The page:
Why You Should Consider Using Aquafaba In Cocktails

If you're plant-based, or simply an accomplished baker, then you've most likely heard of aquafaba, the liquid from cooked or canned chickpeas that can be whipped into a suprisingly stable, animal product-free meringue. According to Minimalist Baker, this versatile substance is great not only for making cookies, but can also act as a vegan substitute for whipped egg whites in recipes such as waffles and cornbread. When unwhipped, it's a staple ingredient in vegan mayo and acts as a binder in many baked goods.

So how does aquafaba so reliably imitate egg whites? According to Serious Eats, the chemical makeup of the cooking liquids of chickpeas and other legumes makes them excel at foaming and being able to retain that fluffy structure. Chickpea foam is particularly stable among legumes, which, along with its mild, almost imperceptible flavor, has made it a favorite among bakers.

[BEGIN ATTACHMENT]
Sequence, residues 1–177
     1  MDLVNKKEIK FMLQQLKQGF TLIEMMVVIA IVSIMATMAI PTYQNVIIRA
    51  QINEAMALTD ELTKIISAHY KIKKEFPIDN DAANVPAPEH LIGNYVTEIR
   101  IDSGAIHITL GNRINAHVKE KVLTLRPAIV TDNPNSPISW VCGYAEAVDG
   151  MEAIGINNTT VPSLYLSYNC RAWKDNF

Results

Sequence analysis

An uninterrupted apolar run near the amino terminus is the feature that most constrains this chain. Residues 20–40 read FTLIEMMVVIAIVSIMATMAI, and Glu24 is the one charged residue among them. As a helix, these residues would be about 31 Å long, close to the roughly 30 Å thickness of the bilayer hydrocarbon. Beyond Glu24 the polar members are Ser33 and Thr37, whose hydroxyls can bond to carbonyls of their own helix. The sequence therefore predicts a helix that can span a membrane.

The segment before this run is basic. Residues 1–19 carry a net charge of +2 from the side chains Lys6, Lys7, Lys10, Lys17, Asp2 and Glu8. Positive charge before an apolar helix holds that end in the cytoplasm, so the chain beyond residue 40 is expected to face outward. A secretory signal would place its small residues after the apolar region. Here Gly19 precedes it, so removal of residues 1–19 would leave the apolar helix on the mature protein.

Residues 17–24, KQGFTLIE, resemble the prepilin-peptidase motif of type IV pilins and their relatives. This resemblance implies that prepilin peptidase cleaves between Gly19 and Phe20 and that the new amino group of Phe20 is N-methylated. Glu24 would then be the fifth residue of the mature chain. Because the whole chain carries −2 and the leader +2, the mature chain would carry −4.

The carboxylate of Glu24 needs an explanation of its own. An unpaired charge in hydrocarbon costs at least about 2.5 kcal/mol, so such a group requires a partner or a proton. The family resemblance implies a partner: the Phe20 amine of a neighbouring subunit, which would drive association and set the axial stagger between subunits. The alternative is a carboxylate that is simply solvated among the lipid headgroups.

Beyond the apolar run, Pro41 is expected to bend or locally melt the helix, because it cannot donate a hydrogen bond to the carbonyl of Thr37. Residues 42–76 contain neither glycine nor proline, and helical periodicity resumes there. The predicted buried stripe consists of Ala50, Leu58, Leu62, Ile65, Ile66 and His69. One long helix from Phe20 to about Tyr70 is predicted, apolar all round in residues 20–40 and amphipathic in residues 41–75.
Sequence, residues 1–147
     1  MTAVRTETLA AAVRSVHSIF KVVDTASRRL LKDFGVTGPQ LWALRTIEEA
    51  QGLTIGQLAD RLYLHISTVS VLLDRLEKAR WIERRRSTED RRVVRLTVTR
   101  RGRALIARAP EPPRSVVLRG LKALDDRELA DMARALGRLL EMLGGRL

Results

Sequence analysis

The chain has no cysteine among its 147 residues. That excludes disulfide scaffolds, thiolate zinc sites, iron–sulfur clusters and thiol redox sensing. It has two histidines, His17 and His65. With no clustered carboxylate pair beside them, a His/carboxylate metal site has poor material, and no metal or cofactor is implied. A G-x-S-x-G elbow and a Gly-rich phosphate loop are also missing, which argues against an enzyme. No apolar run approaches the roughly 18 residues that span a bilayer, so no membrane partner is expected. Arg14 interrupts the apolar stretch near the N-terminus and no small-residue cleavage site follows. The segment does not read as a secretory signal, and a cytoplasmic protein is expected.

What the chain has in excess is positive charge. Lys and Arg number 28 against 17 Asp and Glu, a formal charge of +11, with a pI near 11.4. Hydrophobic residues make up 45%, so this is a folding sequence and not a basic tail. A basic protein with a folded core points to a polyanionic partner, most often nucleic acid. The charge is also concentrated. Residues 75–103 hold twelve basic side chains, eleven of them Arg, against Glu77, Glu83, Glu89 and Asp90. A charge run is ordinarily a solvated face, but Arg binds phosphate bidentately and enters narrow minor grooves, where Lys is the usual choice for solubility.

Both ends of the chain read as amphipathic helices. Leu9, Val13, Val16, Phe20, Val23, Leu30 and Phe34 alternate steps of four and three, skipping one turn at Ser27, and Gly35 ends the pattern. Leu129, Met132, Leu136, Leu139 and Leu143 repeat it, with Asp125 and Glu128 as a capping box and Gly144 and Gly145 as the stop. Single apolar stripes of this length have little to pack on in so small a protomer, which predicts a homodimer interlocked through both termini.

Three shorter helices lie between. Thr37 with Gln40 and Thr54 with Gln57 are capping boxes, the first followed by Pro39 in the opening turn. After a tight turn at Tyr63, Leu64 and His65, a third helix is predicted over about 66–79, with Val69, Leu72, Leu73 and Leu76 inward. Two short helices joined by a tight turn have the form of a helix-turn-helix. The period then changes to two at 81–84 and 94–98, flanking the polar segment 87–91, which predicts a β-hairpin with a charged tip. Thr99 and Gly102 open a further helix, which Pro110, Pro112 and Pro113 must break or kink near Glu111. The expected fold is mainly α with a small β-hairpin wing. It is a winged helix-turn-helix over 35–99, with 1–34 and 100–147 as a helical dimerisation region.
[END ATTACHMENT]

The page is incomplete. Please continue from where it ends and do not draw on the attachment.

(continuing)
But did you know that you can incorporate aquafaba into cocktails, too?

Swap aquafaba for egg white in your whiskey sour or gin fizz

If you're an enthusiastic home mixologist — or a bar lush — then you're undoubtedly familiar with the cocktail categories of sours and fizzes, both of which call upon a raw egg white in order to provide lush, stable foam in the drink that holds up as it's sipped (via BBC goodfood). If you're vegan — or if you simply don't love the idea of downing a raw egg white — then you might be pleased to know that aquafaba, that foamy chickpea cooking liquid, makes a great substitute in cocktails.

According to The Guardian, aquafaba makes a pretty perfect stand-in for egg white in sours and fizzes because its carbohydrates and proteins come together to form a similar type of foam. One ounce of aquafaba should be used per cocktail, Tales of the Cocktail recommends, with The Guardian noting that you can freeze individual servings of aquafaba in an ice cube tray when you have some lying around and then grab a cube or two when you want to shake up some drinks. 

Whether incorporating the liquid into a whiskey sour, a pisco sour, or a gin fizz, this is one trick you'll want to keep up your sleeve — no wasted egg yolks needed.